function add_investment_constraints(
m, # JuMP model
element, # Element for which investments are added
inv_data::AbstractInvData, # Investment data for the element
cap, # Capacity that has investments
prefix, # Used prefix in variable declaration
𝒯ᴵⁿᵛ::TS.StratPeriods, # Strategic periods
disc_rate::Float64, # Discount rate in absolute values
)
```

The individual input is as well described in the documentation

This functions includes constraints on the capacity and calculates the capital expenses for each `element`

. There are two main points one has to consider:

- We add the investments constraints for each individual
`element`

. In the case of multiple`element`

s, it is necessary to iterate through the vector of`element`

s. - We add the investment constraints for each individual capacity
`cap`

. This argument is only relevant if an`element`

has multiple capacities as it is the case for`Storage`

nodes in`EnergyModelsBase`

.

Consequently, you have to iterate through all `element`

s and their capacities `cap`

if you want to add investment constraints.

Given the example nodes above with single capacities, this would be given as:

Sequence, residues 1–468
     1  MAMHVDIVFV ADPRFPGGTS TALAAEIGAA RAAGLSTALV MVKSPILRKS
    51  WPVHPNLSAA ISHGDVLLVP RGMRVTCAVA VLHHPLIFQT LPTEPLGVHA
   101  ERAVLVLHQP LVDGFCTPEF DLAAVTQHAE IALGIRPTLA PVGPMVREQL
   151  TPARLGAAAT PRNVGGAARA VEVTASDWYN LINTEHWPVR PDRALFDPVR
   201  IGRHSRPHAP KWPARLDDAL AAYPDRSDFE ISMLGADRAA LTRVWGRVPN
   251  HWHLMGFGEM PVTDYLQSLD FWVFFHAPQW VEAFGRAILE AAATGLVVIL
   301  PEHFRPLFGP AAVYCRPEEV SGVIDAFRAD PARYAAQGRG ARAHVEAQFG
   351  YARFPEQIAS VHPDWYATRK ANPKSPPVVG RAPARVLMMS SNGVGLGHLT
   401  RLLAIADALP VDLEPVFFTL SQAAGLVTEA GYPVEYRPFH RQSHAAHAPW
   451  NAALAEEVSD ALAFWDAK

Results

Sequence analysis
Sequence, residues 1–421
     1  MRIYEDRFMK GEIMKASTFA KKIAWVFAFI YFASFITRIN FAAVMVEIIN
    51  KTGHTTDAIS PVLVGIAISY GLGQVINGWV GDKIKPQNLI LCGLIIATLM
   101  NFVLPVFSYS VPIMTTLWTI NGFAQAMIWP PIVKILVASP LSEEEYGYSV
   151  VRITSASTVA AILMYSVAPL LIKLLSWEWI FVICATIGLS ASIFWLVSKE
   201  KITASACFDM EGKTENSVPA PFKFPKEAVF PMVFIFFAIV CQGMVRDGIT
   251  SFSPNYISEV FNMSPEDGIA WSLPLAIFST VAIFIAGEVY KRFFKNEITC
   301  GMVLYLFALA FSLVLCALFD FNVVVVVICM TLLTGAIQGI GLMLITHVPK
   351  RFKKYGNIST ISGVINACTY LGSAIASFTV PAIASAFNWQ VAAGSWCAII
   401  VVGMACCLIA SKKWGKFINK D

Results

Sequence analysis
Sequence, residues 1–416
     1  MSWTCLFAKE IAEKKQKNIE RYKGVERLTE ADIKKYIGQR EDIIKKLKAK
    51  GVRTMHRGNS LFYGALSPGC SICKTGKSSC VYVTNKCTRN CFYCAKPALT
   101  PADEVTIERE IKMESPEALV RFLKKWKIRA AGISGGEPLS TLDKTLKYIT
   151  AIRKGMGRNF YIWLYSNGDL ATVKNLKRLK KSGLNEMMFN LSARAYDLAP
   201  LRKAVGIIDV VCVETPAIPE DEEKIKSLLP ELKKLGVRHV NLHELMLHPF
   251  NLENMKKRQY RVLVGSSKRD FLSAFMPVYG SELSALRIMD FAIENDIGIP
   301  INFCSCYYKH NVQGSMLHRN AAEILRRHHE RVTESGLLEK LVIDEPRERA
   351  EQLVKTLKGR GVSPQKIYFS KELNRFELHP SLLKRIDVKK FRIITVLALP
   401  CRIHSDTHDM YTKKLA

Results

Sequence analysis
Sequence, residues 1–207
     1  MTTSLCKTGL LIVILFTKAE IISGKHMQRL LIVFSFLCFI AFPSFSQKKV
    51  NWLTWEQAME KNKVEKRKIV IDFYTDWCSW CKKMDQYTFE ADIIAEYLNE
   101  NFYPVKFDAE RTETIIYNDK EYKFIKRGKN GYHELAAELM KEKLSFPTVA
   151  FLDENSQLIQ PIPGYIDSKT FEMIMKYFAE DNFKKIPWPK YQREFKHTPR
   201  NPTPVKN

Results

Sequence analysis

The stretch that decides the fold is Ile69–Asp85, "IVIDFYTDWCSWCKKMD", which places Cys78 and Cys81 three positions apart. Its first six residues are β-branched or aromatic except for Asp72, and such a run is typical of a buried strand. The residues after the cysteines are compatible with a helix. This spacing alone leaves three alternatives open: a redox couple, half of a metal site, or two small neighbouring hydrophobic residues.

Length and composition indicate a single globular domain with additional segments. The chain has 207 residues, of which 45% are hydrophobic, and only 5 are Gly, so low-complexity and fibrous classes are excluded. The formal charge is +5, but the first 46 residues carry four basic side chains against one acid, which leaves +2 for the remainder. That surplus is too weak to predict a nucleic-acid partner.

```
for n ∈ 𝒩ᴵⁿᵛ
# Extract the investment data, the discount rate, and the strategic periods
disc_rate = discount_rate(modeltype)
inv_data = investment_data(n, :cap)
𝒯ᴵⁿᵛ = strategic_periods(𝒯)
# Add the investment constraints
EMI.add_investment_constraints(m, n, inv_data, :cap, :cap, 𝒯ᴵⁿᵛ, disc_rate)
end
```

Note that we included in this example a method for `investment_data()`

as outlined above.

## Updating the objective function

`EnergyModelsInvestments`

does not change the objective function. This would require detailed knowledge regarding the individual contributing factors. Hence, we decided that it is beneficial to instead calculate the capital expense contributions in each strategic period. As a consequence, when using `EnergyModelsInvestments`

, you have to include the variable $\texttt{cap\_capex}$ (if you used `prefix = :cap`

) for all elements with investments to your objective function.

An illustrative example is given in the function `EMB.objective(m, 𝒩, 𝒯, 𝒫, modeltype::AbstractInvestmentModel)`

compared to the function `objective(m, 𝒩, 𝒯, 𝒫, modeltype::EnergyModel)`

in `EnergyModelsBase`

.

We plan to add the links to the functions once we have both updates registered.